Okay, just so I understand, a 150 or 170 gr. is the weight of the actual bullet and a starting grain of somthing like 24.5 is the amount of gun powder you put in the case?
Also, can the 32-20 WCF be fired from the 32-20 colt revolver? I was using the round that said 32-20 on the bag but it didn't say anything about WCF, so I didn't know if I could use the 32-20 WCF on the 32-20 Colt.
Here's some info I happen to have on my desk:
.41 Rem Mag
210 grain Hornady XTP ( this is the bullet weight, brand and type)
H110 (the brand of powder)
Starting load= 19.8 grains (this is where you start with H110 powder and hornady XTP bullets0
Maximum load=22 grains (this is the max load with this bullet powder combo)
All the above is from the Hodgdon Powder website.
Welcome to the world of Cartridge Naming Conventions.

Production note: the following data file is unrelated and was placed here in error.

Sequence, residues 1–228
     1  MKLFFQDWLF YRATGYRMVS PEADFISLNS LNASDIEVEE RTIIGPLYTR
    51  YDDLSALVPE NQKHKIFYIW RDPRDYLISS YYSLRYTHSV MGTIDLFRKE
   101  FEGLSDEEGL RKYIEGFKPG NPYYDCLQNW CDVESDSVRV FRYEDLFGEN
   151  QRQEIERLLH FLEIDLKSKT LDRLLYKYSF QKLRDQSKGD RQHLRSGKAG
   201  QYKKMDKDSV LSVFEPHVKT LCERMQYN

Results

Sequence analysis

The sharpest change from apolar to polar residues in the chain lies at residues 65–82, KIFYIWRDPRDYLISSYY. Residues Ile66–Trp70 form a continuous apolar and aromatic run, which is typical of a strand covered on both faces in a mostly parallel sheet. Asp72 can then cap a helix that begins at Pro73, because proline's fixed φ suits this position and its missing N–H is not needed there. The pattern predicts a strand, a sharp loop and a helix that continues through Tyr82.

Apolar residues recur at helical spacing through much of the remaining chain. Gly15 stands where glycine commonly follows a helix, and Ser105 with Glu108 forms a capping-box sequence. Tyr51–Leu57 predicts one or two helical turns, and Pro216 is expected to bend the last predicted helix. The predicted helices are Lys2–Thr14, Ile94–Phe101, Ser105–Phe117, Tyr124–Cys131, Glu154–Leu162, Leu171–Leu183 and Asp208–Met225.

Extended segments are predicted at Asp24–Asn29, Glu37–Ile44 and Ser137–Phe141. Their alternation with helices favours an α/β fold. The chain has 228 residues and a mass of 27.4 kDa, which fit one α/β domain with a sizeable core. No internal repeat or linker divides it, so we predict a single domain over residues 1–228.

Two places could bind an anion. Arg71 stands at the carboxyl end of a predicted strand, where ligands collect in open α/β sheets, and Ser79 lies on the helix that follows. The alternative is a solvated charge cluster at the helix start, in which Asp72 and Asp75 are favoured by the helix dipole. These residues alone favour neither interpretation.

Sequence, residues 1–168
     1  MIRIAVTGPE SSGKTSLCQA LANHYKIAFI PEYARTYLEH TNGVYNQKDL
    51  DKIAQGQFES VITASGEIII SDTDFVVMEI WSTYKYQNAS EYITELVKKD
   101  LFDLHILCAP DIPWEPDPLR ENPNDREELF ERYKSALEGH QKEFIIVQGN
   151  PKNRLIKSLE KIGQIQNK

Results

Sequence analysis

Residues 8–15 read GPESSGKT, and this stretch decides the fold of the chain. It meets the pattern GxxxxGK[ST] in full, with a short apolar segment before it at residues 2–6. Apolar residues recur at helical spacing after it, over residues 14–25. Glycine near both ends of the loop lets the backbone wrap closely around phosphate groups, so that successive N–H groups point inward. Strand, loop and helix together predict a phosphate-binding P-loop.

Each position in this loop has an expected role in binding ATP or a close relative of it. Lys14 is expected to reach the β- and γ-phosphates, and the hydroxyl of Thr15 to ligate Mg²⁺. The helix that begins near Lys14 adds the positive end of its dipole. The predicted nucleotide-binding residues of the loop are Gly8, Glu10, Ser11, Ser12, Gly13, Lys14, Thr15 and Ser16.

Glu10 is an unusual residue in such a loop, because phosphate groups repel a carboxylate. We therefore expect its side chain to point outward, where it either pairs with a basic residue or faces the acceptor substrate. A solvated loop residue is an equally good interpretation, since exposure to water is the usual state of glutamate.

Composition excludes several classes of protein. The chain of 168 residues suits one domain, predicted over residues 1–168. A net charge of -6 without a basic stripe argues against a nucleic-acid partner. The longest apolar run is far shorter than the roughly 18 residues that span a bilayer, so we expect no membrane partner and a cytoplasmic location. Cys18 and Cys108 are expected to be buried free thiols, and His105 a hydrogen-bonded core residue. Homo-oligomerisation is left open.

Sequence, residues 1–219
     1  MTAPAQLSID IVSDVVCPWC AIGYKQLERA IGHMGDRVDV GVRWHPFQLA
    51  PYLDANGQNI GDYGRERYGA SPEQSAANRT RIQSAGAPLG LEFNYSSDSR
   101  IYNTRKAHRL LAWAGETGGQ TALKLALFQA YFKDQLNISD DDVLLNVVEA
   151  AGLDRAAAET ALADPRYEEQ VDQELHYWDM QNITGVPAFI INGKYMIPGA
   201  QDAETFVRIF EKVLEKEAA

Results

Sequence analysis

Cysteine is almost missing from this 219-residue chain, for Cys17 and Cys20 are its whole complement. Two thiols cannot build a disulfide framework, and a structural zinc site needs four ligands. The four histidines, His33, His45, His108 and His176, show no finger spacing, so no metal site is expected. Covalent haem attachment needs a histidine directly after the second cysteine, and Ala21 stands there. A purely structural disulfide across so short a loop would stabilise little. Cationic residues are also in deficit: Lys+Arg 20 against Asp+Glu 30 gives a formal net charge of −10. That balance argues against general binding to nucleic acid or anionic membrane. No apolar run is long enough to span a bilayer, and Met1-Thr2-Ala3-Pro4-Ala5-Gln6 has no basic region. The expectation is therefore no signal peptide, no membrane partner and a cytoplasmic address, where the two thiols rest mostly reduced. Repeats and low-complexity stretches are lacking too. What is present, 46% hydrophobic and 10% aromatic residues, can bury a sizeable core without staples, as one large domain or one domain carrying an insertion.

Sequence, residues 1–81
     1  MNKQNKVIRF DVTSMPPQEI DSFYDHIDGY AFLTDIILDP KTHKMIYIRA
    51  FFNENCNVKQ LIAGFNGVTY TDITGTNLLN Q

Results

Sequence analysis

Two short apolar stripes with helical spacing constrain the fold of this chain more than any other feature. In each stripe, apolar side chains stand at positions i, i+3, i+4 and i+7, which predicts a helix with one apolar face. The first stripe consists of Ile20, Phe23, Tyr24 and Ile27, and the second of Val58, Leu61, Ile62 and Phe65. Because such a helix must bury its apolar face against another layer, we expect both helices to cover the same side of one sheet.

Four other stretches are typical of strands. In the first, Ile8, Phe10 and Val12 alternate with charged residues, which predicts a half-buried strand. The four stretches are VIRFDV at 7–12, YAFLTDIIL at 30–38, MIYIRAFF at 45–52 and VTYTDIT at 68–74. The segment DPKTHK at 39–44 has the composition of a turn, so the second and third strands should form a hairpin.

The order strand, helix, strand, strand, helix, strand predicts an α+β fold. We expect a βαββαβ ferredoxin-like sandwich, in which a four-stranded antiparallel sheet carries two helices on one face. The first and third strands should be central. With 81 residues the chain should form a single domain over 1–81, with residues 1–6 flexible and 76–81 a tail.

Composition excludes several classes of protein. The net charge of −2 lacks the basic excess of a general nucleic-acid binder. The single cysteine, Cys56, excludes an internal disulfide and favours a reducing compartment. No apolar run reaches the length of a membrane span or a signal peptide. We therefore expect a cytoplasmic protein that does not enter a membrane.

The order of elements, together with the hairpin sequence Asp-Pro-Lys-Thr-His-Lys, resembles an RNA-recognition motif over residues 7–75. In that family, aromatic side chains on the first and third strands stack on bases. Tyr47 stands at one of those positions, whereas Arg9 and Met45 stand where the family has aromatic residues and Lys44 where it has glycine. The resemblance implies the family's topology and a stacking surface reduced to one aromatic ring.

The only rule you really need to remember is this one:
There are no rules, and not much logic either.
It's sort of like languages that use ideograms, if you come across a new symbol there is no dictionary you can use, there is no way you can phonetically 'puzzle-out' the idea or name, someone has to tell you the meaning and pronouciation.
It's the same with cartridges.
I could go on at considerable length; but I won't, not yet anyway ;)
.32-20 is the same as .32-20 WCF. WCF stands for Winchester Center fire. WCF was used in the OLD days to differentiate between center fire and rimfire weapons. Even though there was never a .32-20 rimfire, Winchester used the WCF as a proprietary name and selling point. The .30-30 is also called the .30 WCF
Here are some other examples:
.22 WMR- .22 Winchester magnum rimfire
.30 Gov't- .30-40 Krag
.45 Gov't- .45-70
9mm para- Luger- 9x19 etc
.380 ACP- 9mm k, kurz, short, 9 x 17
The list goes on and on.
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